• 0 avatar
            Lie2me

            ” then you’re out on Pluto”

            He talks like he’s out of Uranus

          • 0 avatar
            dal20402

            A Tesla (particularly an 85) could be your only car if you live in a city just as easily as a HD pickup could be your only car if you live outside a city.

            The converse is also true; it would be pretty much impossible for someone in a city to have a HD truck as their only car. You couldn’t actually drive it anywhere because you couldn’t park it.

          • 0 avatar
            psarhjinian

            “To justify the purchase of a Model S, your personal enjoyment of electric vehicles has to overcome the fact that it has limited range versus a gasoline car, you cannot use it for long-distance the same as you can use a gasoline car, it takes more than five minutes to fill-up versus a gasoline car, and you have to accept the limitations of Teslas lack of dealer/service infrastructure versus its class competitors.”

            Who are it’s class competitors, though? It gets reasonable range (400-500km is about what my Honda Fit could do) and isn’t much more deficiency in the dealer network versus other luxury marques. Certainly there’s at least one major Tesla store in most major cities.

            About the only serious hangup is a the charge time.

            Other than that, they’re probably a better choice in this market than, say, a Panamera or Jaguar XF/XJ is, and compare pretty favourably to a comparable 5er/E-Class/A6-A7.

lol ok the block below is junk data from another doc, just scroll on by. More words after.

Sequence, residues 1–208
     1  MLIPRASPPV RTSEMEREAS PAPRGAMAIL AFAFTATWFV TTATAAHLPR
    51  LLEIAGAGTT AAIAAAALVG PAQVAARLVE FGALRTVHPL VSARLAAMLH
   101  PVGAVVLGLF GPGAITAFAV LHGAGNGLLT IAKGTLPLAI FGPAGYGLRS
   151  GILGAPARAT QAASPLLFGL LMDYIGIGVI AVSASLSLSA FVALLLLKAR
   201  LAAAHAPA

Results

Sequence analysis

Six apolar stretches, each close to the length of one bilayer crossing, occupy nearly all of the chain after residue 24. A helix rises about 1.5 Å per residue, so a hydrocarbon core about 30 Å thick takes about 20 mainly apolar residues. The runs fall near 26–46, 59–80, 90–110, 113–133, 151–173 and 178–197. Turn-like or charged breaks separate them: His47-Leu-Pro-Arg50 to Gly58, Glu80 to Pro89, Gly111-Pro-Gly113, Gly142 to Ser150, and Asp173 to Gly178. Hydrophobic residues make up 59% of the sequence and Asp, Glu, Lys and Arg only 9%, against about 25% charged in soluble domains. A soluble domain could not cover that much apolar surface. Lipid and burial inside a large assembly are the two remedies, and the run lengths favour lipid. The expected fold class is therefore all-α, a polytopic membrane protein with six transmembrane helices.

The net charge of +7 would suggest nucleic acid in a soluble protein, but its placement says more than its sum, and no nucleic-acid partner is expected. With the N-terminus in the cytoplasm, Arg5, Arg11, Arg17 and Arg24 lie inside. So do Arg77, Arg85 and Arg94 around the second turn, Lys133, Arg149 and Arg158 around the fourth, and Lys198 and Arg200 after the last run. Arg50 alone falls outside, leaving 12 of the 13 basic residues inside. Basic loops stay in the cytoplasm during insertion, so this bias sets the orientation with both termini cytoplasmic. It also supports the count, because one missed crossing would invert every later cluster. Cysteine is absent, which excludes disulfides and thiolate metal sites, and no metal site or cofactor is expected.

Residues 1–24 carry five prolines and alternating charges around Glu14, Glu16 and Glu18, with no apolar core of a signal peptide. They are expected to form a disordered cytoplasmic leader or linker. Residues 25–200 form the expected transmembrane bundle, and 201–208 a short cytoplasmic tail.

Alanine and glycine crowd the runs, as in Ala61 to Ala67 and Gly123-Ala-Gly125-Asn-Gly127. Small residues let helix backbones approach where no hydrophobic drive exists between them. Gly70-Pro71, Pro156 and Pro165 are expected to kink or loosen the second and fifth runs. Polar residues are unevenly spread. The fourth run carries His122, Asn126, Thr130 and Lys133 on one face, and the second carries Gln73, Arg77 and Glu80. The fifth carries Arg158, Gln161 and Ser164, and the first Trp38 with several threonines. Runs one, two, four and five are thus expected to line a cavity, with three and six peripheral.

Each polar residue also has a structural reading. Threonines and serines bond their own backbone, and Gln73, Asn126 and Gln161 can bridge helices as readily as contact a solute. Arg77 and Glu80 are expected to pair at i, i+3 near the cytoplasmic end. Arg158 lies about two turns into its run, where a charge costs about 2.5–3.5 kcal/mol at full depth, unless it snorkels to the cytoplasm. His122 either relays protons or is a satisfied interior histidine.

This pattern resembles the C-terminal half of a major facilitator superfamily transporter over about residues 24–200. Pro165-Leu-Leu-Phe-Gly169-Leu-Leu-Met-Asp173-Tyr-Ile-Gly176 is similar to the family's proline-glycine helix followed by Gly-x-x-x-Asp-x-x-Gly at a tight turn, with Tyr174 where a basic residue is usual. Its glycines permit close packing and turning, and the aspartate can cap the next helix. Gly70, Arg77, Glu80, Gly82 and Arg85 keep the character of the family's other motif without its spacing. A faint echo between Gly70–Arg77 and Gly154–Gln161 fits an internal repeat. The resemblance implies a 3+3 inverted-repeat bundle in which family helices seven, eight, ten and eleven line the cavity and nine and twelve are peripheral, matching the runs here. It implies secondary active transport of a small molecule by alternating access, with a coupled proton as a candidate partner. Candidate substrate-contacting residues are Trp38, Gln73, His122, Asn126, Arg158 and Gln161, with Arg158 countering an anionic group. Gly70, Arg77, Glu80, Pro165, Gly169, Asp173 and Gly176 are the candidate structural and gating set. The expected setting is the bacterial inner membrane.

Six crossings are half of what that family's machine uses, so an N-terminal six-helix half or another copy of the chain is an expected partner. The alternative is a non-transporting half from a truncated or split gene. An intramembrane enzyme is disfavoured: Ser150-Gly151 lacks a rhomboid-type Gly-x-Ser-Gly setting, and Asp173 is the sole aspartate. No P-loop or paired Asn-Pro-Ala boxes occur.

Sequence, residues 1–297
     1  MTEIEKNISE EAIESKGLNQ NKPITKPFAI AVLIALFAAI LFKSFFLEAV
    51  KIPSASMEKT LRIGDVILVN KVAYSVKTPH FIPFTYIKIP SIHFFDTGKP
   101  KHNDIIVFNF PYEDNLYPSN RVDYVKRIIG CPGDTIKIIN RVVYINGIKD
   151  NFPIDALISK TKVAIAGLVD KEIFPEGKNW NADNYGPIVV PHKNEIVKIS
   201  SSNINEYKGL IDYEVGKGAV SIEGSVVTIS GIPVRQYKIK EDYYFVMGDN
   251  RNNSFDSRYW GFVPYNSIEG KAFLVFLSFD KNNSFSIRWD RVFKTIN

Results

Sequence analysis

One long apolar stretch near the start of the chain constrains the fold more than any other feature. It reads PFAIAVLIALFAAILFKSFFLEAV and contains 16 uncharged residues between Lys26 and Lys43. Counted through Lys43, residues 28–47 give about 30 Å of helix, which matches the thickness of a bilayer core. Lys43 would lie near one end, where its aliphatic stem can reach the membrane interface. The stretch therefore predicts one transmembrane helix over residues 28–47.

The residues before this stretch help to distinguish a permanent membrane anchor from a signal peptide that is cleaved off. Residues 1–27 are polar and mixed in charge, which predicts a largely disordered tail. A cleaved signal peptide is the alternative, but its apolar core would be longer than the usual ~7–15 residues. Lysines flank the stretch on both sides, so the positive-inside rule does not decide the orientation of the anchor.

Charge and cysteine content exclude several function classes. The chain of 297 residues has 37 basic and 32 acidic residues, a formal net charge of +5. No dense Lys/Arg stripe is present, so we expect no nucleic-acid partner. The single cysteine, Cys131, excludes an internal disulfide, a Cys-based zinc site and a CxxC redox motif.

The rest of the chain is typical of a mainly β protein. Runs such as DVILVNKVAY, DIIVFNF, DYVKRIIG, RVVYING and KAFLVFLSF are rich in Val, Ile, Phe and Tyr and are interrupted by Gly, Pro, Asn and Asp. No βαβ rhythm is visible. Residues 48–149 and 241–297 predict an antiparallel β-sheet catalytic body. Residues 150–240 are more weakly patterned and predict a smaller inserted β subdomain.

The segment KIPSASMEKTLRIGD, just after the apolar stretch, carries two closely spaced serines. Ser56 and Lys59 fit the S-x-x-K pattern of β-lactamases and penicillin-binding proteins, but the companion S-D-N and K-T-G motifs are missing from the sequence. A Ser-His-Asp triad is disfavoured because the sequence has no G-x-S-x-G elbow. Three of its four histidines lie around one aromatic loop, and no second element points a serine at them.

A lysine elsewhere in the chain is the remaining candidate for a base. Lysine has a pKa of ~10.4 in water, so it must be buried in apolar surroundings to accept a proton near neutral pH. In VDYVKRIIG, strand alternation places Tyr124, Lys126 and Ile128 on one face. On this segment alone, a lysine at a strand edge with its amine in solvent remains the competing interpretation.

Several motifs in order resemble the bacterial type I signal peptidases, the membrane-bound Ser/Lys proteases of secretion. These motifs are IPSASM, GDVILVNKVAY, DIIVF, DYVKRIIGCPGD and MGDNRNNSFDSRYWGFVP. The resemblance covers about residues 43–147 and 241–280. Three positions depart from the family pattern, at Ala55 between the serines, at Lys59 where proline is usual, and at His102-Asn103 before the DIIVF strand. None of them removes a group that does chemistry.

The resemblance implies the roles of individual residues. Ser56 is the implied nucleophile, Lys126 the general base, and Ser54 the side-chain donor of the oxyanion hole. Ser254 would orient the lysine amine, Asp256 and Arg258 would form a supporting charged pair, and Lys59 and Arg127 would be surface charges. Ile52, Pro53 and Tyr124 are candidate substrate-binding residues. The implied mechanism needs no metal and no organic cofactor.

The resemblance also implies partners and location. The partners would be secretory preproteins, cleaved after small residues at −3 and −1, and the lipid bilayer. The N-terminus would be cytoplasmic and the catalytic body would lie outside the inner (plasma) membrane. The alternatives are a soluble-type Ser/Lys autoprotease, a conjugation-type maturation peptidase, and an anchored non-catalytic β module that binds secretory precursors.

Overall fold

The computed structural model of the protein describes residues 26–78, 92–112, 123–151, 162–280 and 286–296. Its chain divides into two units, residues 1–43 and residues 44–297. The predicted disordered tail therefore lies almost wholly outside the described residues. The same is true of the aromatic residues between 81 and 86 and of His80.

Pickup trucks? No, that’s not a valid comparison. Mind you, it’d be equally silly to compare a pickup truck to a Jaguar XJ, and yet there’s a huge lack of “the XJ isn’t praaaaactical” commentary.

          • 0 avatar
            Lie2me

            All your points add up to a fairly impractical vehicle, but then again from my vantage point any vehicle in this price category smacks of impracticality, some more then others. The telling tale for me is that Teslas are rarely it’s owner’s sole vehicle and is usually stable mated with something more practical relegating them to “show” or “hobby” status or “toy”

          • 0 avatar
            Vulpine

            @psarhjinian: I agree. And when you consider that the typical fuel stop on a road trip often includes extra time to grab snacks, drinks or maybe even a full sit-down meal, the “5-minute refuel” suddenly stretches out to 15-20 minutes or even a full hour or more. In years of driving multi-thousand-mile trips my usual routine was to refuel every six hours (avg. 300 miles) and stop for gas, food and restroom/loo. After three such stops, I’d take an 8-hour nap and resume. Sure, the Tesla may cut me down to 5 hours or so (depending on driving style) but my average speed would hardly be affected over the entire trip.

          • 0 avatar
            Vulpine